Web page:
Sandeep Sangaru knows that the key to preserving crafts is to instil the makers with pride so the younger generation will want to continue their lineage. “Craft had to go from something that hangs on a wall to something people use in their daily lives,” he says. His portfolio runs the gamut from intricate cabinets of Kashmiri latticework to a Channapatna bed made of 108 lacquered pieces; to complex bamboo installations showcased at Varana in London. He’s also been commissioned to create a bamboo café for Frankfurt’s Ambiente trade fair. Website

Sheetal Zaveri

Sultana earrings by Sheetal Zaveri

Sultana earrings by Sheetal Zaveri – Gaurab Ganguli

Hyderabad-based Zaveri and her husband Hitesh are fourth-generation jewellers who work with artisans descended from the makers of the famous Nizam of Hyderabad gems. She creates intricately carved pieces with whimsical twists—her two-tone earrings, neckpieces, bracelets and rings are crafted predominantly from sterling silver with gold polish, in the kundan tradition, for which gemstones are set into gold foil. “I love religious motifs such as bulls and birds on contemporary chokers and charm bracelets,” she says. Website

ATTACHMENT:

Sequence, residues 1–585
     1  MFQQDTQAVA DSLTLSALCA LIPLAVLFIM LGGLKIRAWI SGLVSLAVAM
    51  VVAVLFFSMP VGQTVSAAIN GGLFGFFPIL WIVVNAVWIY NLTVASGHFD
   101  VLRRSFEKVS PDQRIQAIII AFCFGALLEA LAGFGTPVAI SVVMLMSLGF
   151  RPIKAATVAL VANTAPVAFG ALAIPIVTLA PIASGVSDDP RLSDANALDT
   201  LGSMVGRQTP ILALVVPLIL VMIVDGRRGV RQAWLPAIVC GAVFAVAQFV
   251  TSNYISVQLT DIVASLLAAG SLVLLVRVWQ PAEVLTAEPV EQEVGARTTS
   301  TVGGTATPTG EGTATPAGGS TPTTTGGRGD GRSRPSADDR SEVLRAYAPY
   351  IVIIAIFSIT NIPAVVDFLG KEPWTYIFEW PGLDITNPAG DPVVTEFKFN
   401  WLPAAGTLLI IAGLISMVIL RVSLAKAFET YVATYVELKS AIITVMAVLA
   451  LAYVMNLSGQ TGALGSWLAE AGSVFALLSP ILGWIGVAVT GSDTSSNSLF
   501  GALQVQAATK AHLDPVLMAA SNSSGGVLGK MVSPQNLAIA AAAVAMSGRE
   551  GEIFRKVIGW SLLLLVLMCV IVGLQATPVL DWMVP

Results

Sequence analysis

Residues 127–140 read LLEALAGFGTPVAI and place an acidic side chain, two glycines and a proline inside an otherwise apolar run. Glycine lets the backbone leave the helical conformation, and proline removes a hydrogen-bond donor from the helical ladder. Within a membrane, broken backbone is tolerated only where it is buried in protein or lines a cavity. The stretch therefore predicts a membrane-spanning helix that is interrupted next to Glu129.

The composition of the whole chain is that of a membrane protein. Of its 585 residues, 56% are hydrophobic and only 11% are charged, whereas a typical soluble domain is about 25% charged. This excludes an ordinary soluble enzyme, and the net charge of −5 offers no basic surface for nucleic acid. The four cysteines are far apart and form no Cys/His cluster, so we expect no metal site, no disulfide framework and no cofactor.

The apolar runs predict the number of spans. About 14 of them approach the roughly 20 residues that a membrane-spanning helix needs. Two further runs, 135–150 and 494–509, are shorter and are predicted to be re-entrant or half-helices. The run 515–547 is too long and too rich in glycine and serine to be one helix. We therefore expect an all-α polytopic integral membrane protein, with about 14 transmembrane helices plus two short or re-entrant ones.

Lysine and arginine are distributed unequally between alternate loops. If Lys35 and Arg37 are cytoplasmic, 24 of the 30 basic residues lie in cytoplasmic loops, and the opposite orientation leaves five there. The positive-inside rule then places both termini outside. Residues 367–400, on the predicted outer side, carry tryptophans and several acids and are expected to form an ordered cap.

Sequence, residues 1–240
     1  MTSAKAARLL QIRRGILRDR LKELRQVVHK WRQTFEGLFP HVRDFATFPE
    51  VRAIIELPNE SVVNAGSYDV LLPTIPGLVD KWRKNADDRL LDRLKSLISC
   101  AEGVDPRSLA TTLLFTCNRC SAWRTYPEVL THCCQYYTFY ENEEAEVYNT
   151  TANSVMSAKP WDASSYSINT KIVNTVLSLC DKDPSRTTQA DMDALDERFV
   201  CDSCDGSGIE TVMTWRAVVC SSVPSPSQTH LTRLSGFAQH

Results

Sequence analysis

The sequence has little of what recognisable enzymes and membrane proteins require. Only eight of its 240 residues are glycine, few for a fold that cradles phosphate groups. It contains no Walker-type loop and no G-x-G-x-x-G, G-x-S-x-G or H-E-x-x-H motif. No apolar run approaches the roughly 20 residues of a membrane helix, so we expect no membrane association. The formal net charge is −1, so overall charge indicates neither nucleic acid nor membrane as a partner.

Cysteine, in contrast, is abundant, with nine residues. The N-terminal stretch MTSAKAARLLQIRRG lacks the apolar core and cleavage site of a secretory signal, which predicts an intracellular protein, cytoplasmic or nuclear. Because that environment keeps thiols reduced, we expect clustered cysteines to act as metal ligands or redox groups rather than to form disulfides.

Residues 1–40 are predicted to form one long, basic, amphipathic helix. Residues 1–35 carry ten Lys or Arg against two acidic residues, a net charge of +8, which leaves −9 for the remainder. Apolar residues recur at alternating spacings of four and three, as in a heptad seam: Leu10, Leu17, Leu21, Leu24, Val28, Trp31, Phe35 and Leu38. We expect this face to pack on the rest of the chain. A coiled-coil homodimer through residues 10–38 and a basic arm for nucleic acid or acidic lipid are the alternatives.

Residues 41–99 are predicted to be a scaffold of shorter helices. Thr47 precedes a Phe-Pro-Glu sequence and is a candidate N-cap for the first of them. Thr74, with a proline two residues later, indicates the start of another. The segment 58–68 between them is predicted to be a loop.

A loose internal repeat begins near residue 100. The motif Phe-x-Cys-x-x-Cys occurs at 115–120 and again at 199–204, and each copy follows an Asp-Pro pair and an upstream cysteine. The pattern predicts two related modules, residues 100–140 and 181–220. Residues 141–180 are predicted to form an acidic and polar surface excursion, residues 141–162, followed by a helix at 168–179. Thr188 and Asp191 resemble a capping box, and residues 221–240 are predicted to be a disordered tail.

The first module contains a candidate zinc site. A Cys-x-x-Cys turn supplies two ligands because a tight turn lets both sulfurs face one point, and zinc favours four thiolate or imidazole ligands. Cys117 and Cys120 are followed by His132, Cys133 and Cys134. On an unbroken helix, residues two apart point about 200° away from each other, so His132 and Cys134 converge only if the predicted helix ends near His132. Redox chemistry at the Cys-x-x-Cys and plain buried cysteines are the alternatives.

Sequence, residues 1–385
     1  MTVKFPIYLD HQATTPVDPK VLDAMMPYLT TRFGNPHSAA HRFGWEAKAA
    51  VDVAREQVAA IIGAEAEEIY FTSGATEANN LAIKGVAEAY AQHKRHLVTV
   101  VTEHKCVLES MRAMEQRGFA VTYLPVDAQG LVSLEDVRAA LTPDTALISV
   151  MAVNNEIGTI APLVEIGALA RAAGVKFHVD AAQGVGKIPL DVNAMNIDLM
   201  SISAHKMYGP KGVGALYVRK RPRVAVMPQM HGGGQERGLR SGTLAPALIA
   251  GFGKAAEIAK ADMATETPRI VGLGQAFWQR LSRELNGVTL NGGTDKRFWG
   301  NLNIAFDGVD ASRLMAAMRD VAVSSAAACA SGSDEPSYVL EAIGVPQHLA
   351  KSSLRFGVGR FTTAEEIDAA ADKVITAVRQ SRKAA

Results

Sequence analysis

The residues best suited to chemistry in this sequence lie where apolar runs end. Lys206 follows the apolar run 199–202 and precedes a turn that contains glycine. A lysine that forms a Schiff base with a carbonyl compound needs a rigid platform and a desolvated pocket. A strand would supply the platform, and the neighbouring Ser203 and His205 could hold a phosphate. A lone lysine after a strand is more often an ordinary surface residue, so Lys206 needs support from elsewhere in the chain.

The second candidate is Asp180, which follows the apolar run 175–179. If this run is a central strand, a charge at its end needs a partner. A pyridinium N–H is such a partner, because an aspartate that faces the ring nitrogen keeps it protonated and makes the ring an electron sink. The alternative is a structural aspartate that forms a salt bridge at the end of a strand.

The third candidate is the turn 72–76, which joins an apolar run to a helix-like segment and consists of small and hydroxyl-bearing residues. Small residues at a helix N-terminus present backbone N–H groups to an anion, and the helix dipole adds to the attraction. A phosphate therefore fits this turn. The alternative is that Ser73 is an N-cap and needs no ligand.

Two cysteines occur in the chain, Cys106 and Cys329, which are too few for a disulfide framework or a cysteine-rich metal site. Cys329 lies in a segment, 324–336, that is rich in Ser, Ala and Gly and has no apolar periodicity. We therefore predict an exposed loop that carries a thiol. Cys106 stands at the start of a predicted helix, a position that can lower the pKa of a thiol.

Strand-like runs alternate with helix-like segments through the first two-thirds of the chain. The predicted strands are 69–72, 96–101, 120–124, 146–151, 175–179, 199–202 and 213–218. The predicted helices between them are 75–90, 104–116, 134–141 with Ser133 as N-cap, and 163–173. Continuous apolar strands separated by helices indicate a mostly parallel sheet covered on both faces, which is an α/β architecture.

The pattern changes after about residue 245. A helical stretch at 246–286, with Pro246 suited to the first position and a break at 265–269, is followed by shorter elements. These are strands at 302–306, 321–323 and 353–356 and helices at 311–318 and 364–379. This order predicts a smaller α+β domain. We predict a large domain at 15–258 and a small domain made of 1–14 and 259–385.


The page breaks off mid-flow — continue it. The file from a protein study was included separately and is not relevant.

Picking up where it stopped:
Wool jacket and tunic by Injiri

Wool jacket and tunic by Injiri – Wrap and design pvt ltd

Growing up in Rajasthan, a state known for its handicrafts, Chinar Farooqui developed a deep appreciation for such skills and founded Injiri in 2009 to celebrate India’s living craft traditions. Her goal was to create and nurture long-lasting relationships with artisans producing Madras check cotton, Dhakai jamdani muslin, Kachchi bandhani tie-dyed fabrics, Lucknowi chikankari embroidery and Bhujodi turban weaves. The result is a collection of vibrant dresses, jackets and stoles in relaxed, trend-defying silhouettes, plus timeless pieces for the home. Website


Sustainable bamboo trays by Mianzi

Sustainable bamboo trays by Mianzi  – Shashank Gautam

This prize-winning outfit produces lights, home accessories and slick modular furniture using the craft of bamboo weaving from India’s north-east states. “As a child, I spent a lot of time in my grandfather’s rickshaw repair workshop, watching him solve problems with his hands,” says its industrial-designer founder Shashank Gautam, who has also created a prototype for a bamboo e-bike. Website


10ft Bamboo chandelier by Ikkis

10ft Bamboo chandelier by Ikkis  – Gunjan Gupta